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What to do about TIAs: the evidence.
In the last 10 years, several large clinical studies have been done which help doctors provide a logical management for patients who have carotid artery disease.
(a) Trials of aspirin. In the 1980s, a large trial run by the Medical Research Council showed that patients who were treated with a low dose of aspirin every day after a TIA were less likely to develop a stroke subsequently. Aspirin works by blocking the action of platelets, one of the constituents of blood which are responsible for forming blood clots. Aspirin makes platelets less sticky and reduces the chance of blood clots forming in the carotid arteries and causing TIAs and strokes.
All patients who have a TIA or stroke should be treated with low dose aspirin regularly for life. All doses from 75mg per day (junior aspirin) up to 300mg per day are effective. Aspirin can cause ulcers in people with a sensitive stomach.
(b) Trials of carotid surgery. In the early 1990s, two big studies, one in Europe and one in North America, compared unblocking the carotid artery surgically (carotid endarterectomy) with aspirin treatment alone. In patients who had a TIA, aspirin treatment alone was associated with a risk of about one in three of developing a subsequent stroke over the next few years. The operation carotid endarterectomy significantly reduced the risk of stroke in patients who had suffered a TIA , but only if there was a tight narrowing of over 70% in the carotid artery supplying the affected side of the brain. In patients who had a TIA but whose carotid artery was less than 70% narrowed, surgery did not have any advantage over aspirin treatment.
After a TIA the risk of further stroke is highest in the first month or two. It follows that it is vital to find out as quickly as possible in any patient who has a TIA whether they have a tight narrowing in the carotid artery. These are the patients who, as vascular surgeons, we can help the most. To help find out as soon as possible, the vascular surgeons in Gloucestershire have developed a fast track carotid scan service.
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Rapid TIA investigation
service (information circulated to all local GPs)
In an attempt to speed up the diagnosis of carotid artery disease and identify patients in whom timely carotid surgery may prevent a stroke, the Gloucestershire Vascular Group has established a Rapid TIA investigation service. The following information has been circulated to all General Practitioners in the area:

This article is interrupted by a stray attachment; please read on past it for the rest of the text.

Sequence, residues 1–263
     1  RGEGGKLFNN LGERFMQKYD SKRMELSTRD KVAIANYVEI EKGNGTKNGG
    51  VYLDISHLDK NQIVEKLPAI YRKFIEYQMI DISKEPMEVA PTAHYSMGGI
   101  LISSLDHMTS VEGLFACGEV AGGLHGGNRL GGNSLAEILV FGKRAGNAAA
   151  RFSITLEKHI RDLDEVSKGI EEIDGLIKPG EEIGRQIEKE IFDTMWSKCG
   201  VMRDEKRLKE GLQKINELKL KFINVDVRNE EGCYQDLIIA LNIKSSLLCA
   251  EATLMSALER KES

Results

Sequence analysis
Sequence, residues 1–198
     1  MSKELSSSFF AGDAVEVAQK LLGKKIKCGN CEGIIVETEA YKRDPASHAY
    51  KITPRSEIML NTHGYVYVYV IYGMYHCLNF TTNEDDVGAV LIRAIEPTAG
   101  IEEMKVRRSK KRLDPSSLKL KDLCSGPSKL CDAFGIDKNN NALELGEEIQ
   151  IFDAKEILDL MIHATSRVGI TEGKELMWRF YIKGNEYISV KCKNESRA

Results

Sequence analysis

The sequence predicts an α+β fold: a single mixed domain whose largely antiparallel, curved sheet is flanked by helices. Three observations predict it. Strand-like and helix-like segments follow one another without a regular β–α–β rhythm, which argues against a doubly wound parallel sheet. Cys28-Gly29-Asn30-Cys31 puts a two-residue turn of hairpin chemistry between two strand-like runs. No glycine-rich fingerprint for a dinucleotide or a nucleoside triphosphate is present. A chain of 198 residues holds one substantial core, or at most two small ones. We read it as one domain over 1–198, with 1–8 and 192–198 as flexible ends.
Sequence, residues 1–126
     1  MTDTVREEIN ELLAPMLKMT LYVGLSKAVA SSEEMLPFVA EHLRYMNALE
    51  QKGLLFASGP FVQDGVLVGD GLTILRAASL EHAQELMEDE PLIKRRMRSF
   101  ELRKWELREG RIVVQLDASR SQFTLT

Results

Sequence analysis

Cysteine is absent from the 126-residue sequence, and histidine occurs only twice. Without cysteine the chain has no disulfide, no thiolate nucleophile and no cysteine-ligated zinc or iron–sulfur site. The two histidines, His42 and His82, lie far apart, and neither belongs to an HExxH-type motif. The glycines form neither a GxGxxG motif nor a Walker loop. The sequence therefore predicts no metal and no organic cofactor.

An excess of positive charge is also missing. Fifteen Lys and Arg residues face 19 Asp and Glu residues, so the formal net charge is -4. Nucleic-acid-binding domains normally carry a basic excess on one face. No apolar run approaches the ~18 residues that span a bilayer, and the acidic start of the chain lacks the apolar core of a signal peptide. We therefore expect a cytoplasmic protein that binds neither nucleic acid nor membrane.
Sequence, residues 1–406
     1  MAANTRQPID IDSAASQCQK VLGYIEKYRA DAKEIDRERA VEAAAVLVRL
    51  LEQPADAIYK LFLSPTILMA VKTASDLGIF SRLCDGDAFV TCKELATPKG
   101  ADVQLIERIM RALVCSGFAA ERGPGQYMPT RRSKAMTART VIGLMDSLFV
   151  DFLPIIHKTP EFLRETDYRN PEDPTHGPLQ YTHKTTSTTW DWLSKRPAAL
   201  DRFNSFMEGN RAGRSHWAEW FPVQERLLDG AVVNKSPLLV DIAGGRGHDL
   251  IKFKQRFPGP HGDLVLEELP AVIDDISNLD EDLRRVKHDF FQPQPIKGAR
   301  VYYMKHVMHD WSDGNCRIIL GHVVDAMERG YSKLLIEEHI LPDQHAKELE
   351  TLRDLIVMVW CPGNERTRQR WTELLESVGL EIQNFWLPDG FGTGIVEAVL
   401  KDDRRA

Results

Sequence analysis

Gloucestershire Vascular Group
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Carotid duplex imaging.
The carotid arteries can be visualised simply and painlessly using a modern ultrasound scanner called a duplex. This is done in the vascular laboratory as an outpatient procedure and takes about 30 minutes. Clear pictures can be obtained by running a small scanner over the neck. By this means it is usually possible to tell whether the carotid artery is widely open or narrowed. Using computer analysis it is also possible to assess the degree of narrowing (stenosis). The technician who performs the scan will send a report to one of the vascular surgeons and alert him particularly if the artery is more than 70% narrowed. Remember that the carotid artery on one side of the neck supplies blood to the brain which controls the opposite side of the body.
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The operation. The aim of the operation of carotid endarterectomy is to clean out the atheroma (hardening of the arteries) which was narrowing the artery, leaving it widely open to supply blood to the brain. Cleaning the inside of the artery reduces the risk of further blood clots forming in the artery which can detach and pass into the brain to cause a stroke.
The operation may be done under a general anaesthetic (patient asleep) or occasionally under local anaesthetic (patient awake but skin and tissues made numb by injection). The artery is identified through a vertical cut in the neck. The artery is temporarily clamped so that it can be opened and cleaned out, Some patients have a plastic tube shunt inserted into the arteries above and below the operation, through the same wound, to maintain blood flow to the brain whilst the artery is clamped off. Others have sufficient flow through the opposite carotid artery to make this unnecessary as the blood flow inside the brain can cross over. Some surgeons repair the artery with a patch of artificial material to widen it and improve blood flow. ( pictures of carotid surgery).
After the carotid artery has been repaired, the skin is closed, usually with dissolving stitches. A small plastic tube drain may be left under the skin to prevent a bruise forming (haematoma).